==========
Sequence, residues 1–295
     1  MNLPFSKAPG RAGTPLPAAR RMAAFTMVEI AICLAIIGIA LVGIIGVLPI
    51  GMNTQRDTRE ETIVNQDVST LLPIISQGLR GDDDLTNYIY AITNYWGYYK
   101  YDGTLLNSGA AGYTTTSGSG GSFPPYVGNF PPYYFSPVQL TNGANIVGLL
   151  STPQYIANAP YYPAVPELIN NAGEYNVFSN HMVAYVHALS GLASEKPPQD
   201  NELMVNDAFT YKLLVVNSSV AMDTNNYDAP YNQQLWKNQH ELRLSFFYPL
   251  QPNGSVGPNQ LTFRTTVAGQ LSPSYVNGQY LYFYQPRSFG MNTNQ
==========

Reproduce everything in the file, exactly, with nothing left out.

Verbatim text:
Sequence, residues 1–295
     1  MNLPFSKAPG RAGTPLPAAR RMAAFTMVEI AICLAIIGIA LVGIIGVLPI
    51  GMNTQRDTRE ETIVNQDVST LLPIISQGLR GDDDLTNYIY AITNYWGYYK
   101  YDGTLLNSGA AGYTTTSGSG GSFPPYVGNF PPYYFSPVQL TNGANIVGLL
   151  STPQYIANAP YYPAVPELIN NAGEYNVFSN HMVAYVHALS GLASEKPPQD
   201  NELMVNDAFT YKLLVVNSSV AMDTNNYDAP YNQQLWKNQH ELRLSFFYPL
   251  QPNGSVGPNQ LTFRTTVAGQ LSPSYVNGQY LYFYQPRSFG MNTNQ